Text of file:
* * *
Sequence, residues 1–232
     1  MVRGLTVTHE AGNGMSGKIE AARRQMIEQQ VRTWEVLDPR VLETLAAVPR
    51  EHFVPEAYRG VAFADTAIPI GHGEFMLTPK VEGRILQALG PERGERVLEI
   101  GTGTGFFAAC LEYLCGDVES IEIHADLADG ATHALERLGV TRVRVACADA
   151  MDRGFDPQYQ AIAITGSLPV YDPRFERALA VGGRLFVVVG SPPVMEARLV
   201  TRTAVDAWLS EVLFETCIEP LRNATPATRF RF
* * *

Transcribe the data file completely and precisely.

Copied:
Sequence, residues 1–232
     1  MVRGLTVTHE AGNGMSGKIE AARRQMIEQQ VRTWEVLDPR VLETLAAVPR
    51  EHFVPEAYRG VAFADTAIPI GHGEFMLTPK VEGRILQALG PERGERVLEI
   101  GTGTGFFAAC LEYLCGDVES IEIHADLADG ATHALERLGV TRVRVACADA
   151  MDRGFDPQYQ AIAITGSLPV YDPRFERALA VGGRLFVVVG SPPVMEARLV
   201  TRTAVDAWLS EVLFETCIEP LRNATPATRF RF